For many years, the rule of actual and constructive receipt has been unclear as applied to exchanges. To clarify this area, the regulations provide four safe harbors which can be used without the risk of the IRS arguing that there has been the actual or constructive receipt of non like-kind property:
 
A. Safe Harbor #1
 
The obligation of the exchangor's transferee (i.e. the buyer or intermediary) to complete the deferred exchange can be secured or guaranteed by:

  1. A mortgage, deed of trust, or other security interest in property (other than cash or a cash equivalent),
  2. A standby letter of credit which satisfies all of the requirements of Reg Section 15A.453-1(b)(3)(iii) and which does not allow the taxpayer to draw on the letter of credit except on default of the transferee's obligation to transfer like-kind replacement property, or
  3. A guarantee of a third party

B. Safe Harbor #2
 
The obligation of the exchangor's transferee to complete the deferred exchange may be secured by cash or a cash equivalent if held in a qualified escrow account or a qualified trust. In a "qualified" escrow account or trust, the escrow holder or trustee must not be the exchangor or a disqualified person, and the exchangor's rights to receive, pledge, borrow, or otherwise obtain the benefits of the cash or cash equivalent held in escrow or trust must be limited. An intermediary is used in a four party deferred exchange to accommodate the exchange for the benefit of the other three parties (exchangor, exchangor's transferee and owner of the replacement property).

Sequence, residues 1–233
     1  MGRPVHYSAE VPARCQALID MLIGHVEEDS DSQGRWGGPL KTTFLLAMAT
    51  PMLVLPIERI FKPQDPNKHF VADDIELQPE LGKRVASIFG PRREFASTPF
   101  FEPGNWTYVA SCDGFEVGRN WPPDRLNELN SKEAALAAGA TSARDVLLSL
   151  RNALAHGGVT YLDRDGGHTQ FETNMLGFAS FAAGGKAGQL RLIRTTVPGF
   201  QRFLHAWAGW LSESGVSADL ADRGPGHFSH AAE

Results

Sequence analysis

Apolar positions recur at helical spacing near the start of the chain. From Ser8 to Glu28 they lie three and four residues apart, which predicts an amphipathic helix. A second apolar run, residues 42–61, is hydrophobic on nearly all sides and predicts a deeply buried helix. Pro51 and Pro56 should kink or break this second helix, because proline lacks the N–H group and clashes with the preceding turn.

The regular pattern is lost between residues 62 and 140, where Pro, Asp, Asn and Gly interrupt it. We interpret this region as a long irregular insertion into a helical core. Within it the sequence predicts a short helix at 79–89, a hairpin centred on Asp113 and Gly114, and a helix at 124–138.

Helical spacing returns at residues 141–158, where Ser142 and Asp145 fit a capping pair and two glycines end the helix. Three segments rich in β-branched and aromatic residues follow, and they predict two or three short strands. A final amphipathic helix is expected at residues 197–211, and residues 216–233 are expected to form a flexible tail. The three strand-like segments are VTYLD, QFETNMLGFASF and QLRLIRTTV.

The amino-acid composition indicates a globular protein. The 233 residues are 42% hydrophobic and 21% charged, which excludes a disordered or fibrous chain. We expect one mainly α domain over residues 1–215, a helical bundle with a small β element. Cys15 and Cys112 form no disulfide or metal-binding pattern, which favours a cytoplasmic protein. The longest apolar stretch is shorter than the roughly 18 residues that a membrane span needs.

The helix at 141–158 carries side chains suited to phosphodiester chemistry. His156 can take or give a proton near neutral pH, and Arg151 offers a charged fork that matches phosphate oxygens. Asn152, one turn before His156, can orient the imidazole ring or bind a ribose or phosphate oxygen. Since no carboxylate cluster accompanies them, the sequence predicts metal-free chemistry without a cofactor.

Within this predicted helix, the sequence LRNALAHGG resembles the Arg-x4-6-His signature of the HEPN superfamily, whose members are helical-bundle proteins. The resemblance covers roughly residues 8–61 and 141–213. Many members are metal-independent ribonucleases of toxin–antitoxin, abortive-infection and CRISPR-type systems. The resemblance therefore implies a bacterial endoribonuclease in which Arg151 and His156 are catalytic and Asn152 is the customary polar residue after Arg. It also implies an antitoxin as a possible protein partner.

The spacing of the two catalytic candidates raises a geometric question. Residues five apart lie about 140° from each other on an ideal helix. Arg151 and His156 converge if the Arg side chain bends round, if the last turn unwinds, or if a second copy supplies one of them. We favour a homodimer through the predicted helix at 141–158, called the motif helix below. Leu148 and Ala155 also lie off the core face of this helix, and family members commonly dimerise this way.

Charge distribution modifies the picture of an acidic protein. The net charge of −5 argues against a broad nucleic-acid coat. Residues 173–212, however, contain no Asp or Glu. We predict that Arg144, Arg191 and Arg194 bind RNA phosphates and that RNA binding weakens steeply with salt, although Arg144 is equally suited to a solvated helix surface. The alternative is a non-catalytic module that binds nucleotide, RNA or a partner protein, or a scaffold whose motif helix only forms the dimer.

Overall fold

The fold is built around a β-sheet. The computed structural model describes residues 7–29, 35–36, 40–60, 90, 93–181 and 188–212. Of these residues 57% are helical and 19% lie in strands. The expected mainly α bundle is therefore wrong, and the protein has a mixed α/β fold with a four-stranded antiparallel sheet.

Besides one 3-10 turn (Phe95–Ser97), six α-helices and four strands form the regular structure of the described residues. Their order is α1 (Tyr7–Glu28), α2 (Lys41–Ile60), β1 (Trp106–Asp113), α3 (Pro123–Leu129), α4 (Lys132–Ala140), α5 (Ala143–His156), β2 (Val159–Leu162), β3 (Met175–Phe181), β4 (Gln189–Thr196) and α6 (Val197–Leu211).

C. Safe Harbor #3
 

  1. The exchangor's use of a "qualified intermediary" who acts on behalf of the exchangor does not destroy an exchange, provided the exchangor' s rights to receive money or other property are limited. A "qualified intermediary" is a person who is not the exchangor or a disqualified person and who:
    • a. Acts to facilitate a deferred exchange by agreeing in writing with the exchangor to an exchange of properties in which the intermediary acquires the relinquished property from the exchangor (either on his own behalf or as the agent of any party to the transaction),
    • b. Acquires the replacement property (either on his own behalf or as the agent of any party to the transaction), and
    • c. Transfers the replacement property to the exchangor

 

  1. An intermediary is considered to have acquired and transferred the replacement property if:
    • a. The intermediary acquires and transfers legal title to that property; or
    • b. The intermediary (either on his own behalf or as the agent of any party to the transaction) enters into an agreement with a person other than the taxpayer for the transfer of the relinquished property to that person and, pursuant to that agreement, the relinquished property is transferred to that person. Subsequently, the intermediary (either on his own behalf or as the agent of any party to the transaction) enters into an agreement with the owner of the replacement property for the transfer of that property and, pursuant to that agreement, the replacement property is transferred to the taxpayer.

Solely for these purposes, an intermediary is treated as entering into an agreement if the rights of a party to the agreement are assigned to the intermediary and all parties to that agreement are notified in writing of the assignment on or before the date of the relevant transfer of property.
 
 
D. Safe Harbor #4
 
The exchangor can receive interest (or a growth factor) in a deferred exchange provided his rights to receive interest and other economic benefits are limited. The interest (or growth factor) is treated as interest regardless of whether it is paid in cash or in property.